Perhaps today’s readings rather than frightening us can be a gift. They can be the cause of an attitude adjustment. They can remind us that today, as the saying goes, is the first day of the rest of our life; and tomorrow is yet another day of opportunity to serve and love.  They can remind us that we must always treat each other the way we would if we knew it was our last time together.

Several years ago, Tim McGraw had a hit on country radio titled “Live Like You Were Dying”.  The song was about a man in his forties who received the news that he had cancer. The song touched me because when I was in my 40s I was diagnosed with a very serious cancer too. This song tells how this young man decided to live out the remaining days of his life.

The lyric says:
He said

I went skydiving.
I went rocky mountain climbing
And I loved deeper
And I spoke sweeter
And I gave forgiveness I'd been denyin'
I was finally the husband that most the time I wasn't
And I became a friend a friend would like to have

And then he said ...
Someday I hope you get the chance to live like you were dyin'.

That’s exactly what Jesus is telling us!

We are not promised tomorrow. Today could be our last day.  If you knew for a fact that today was your last ...

What would you do?
Where would you go?

Today Jesus tells us:

Don’t wait ... live now ... live ... like you were dyin’.

Thursday, November 12, 2015

Social media and the sin of pride.

       Many, if not most of us, use Facebook, Instagram or one of the other social media sites to keep up with friends.  Which is a truly beautiful thing; but there just might be a dark side to our communicating this way. All of us who use social media enjoy an endless array of photos of happy people. But I can't help but wonder if the effort to create the perfect shot doesn’t take priority over reality. It just may be we are missing out on life, on writing, exploring, playing, anything beautiful and real while we are seeking the perfect cell phone shot.  It can be very unfulfilling to live in pursuit of the image instead of the experience.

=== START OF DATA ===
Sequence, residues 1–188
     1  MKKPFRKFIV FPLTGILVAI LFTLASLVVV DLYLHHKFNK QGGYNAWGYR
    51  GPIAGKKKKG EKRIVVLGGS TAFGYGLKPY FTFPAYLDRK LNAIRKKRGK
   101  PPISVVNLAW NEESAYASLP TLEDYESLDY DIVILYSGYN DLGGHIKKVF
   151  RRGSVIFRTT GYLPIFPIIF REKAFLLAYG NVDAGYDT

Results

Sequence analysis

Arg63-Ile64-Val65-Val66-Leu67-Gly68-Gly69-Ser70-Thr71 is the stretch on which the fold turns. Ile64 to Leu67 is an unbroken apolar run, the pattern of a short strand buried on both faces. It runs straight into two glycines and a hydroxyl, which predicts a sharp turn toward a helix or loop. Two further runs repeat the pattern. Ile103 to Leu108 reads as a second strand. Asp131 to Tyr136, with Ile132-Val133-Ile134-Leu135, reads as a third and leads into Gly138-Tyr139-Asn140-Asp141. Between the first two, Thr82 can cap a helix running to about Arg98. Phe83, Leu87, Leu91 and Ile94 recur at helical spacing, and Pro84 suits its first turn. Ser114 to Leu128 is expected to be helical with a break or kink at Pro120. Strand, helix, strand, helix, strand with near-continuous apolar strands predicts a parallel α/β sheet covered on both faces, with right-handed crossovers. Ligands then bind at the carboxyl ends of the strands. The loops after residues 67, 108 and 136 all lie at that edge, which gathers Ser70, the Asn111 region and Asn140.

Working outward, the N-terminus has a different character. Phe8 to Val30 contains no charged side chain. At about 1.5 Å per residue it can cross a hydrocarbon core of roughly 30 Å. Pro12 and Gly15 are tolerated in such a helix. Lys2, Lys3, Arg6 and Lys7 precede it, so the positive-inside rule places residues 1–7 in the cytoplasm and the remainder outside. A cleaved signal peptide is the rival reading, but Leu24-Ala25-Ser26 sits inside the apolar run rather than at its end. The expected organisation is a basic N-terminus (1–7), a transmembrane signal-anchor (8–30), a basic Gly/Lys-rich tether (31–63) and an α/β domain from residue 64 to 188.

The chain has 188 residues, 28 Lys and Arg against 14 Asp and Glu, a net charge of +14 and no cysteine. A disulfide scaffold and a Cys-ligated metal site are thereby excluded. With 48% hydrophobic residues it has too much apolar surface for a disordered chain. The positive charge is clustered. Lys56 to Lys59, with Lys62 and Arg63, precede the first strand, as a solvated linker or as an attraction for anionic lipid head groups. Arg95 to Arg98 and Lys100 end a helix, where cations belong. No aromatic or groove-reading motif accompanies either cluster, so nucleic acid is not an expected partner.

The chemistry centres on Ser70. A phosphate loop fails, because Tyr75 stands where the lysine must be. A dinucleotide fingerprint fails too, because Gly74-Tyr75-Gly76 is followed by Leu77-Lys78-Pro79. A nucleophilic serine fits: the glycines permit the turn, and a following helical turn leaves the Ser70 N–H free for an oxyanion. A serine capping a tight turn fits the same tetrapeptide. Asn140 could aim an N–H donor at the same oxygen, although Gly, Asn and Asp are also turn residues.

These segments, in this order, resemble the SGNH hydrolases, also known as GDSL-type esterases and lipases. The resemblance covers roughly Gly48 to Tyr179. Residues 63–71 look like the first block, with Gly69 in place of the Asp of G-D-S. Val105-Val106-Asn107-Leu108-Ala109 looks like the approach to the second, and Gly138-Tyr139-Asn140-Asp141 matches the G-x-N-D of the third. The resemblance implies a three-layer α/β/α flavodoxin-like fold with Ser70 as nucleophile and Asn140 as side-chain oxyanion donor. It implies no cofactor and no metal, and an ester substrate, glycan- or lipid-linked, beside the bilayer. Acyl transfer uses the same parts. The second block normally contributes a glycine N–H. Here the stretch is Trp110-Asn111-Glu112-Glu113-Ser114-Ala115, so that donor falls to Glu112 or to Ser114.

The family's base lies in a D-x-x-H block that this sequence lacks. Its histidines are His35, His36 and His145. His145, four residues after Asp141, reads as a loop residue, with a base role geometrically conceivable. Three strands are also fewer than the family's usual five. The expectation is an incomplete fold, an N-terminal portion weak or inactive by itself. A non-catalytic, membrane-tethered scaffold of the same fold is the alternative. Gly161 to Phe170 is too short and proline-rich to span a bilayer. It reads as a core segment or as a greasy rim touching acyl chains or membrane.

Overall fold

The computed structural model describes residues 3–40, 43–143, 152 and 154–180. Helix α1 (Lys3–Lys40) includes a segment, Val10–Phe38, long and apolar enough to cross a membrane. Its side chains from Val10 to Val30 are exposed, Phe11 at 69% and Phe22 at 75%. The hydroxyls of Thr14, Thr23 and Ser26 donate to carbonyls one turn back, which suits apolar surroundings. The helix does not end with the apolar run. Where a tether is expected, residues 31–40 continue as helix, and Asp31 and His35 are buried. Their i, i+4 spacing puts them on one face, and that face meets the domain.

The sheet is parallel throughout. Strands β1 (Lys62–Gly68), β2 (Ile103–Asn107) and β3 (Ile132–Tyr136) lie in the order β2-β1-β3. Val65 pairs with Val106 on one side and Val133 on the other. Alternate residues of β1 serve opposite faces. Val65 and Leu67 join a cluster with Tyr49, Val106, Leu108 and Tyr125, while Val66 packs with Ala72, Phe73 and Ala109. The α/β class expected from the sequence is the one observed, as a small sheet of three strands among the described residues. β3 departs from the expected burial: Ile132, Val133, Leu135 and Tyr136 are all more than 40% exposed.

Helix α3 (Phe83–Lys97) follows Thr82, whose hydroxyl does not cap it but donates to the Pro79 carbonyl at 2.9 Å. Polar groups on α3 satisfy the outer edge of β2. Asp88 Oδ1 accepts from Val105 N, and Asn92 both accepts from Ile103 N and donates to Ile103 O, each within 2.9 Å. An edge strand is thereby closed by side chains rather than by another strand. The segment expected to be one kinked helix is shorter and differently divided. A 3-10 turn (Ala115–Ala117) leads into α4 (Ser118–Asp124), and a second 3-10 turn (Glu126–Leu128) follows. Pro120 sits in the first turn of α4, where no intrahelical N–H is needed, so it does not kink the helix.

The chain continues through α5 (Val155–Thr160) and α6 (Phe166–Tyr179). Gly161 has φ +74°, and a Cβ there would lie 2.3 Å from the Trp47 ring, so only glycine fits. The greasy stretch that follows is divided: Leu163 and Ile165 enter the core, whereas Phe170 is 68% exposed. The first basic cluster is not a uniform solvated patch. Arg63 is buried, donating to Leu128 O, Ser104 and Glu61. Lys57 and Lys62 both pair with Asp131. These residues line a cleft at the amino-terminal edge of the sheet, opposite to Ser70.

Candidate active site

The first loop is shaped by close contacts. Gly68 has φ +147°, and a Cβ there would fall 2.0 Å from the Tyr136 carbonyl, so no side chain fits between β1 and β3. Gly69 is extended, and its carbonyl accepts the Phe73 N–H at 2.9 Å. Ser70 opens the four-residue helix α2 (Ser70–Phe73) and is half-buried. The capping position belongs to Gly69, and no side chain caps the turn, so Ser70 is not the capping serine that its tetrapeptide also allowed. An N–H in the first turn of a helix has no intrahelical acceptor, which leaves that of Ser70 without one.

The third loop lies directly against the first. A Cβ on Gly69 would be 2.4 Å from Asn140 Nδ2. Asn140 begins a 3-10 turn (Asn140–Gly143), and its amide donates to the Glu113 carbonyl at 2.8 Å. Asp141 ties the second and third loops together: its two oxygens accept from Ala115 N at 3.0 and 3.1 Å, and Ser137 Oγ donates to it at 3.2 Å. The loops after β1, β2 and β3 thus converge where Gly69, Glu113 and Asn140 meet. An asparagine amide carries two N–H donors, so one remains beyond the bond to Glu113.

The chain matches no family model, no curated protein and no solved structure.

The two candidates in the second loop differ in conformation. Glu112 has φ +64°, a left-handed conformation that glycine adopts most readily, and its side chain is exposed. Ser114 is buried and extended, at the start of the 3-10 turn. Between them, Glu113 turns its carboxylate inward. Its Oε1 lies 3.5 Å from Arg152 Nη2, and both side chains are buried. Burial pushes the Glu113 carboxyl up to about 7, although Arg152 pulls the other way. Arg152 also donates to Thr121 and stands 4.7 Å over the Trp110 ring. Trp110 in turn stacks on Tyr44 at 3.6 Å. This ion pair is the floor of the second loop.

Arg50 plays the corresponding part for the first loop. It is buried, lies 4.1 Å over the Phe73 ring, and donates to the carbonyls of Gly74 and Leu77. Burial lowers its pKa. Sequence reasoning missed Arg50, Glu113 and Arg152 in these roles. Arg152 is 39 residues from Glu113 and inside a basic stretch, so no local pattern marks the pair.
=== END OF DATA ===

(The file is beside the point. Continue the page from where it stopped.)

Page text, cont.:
Are we becoming a generation that is afraid to sit alone with ourselves and get real with our life? Does anyone do that anymore; or, are we always seeking the perfect Instagram moment? I saw an ad the other day that said: “Let’s be real, you only go apple picking for the Instagram.”  Maybe it’s time for a little thoughtful reflection about the potential for being artificial on social media, and the temptation to use it in a prideful way.  Are we living a lie telling our friends: “Look, folks, how perfect my life is.” 
       The fearful question for me is wether social media is radically reshaping who we are, or does it merely provide a new platform for man’s expression of his age-old vanity? And dear friends – vanity is the sin of pride. 

Friday, November 6, 2015

            The Hebrew/Christian experience with God is a story of a God whose love is so stubborn and relentless, so staunch and resolute, that despite human disobedience, defiance, and rebelliousness God continuously pursues us. 
            The Hebrew Scriptures tell the story of an endless parade of ingrates that repeatedly ignore his loving advances.  Despite thisYahweh keeps coming back!  The innermost core of Judaism is the Passover; which is a dramatic story of liberation from slavery into new life. And in the face of the most stunning example of His love, the Jewish people time and again slipped into a selfishness that questioned God’s love.  Yahweh sent prophets after prophets to threaten, cajole, woo, and charm them back.  Still they required the lesson of exile, and again liberation and return.  Over and over, Yahweh intervenes in the life of Israel to rescue them.  Over and over they – we – seem to miss the message.
            The language of God is anything but distant and aloof.  His is the language of a lover.  The prophet Hosea describes a love-sick Yahweh pleading outside Israel’s chosen brothel among the pagan gods:  “And I will take you for my wife forever...and you shall know the Lord.”  When you read the “Song of Solomon” you hear a passionate, nearly sexual relationship between Yahweh and Israel.   
            Where is this passion, this pursuit, this hunger of God for our love in today’s teachings of the Church? 
            The Christian Scriptures are full with the same kind of love.  Look how Jesus dealt with people, with sinners – one-on-one – like the public sinner, the adulterous woman, the prodigal son, and the Samaritan woman.  Jesus never required itemized sins or exacted penance to offset the offense.  He simply forgave them, loved them, and invited them to follow Him.  Look how our Church began; our first Pope Peter renouncing within hours of the Last Supper his knowledge of Jesus.  He denied Christ not to toughs but a woman.  How did Jesus restore him?   Jesus asked him three times to “Simon, do you love me?”  No penance.  Instead, he became Pope. 

When will we figure out that our God’s love for us 
is completely irrational and relentless?

When one reaches the highest degree of human maturity
one has only one question left:  How can I be helpful?

Teresa of Avila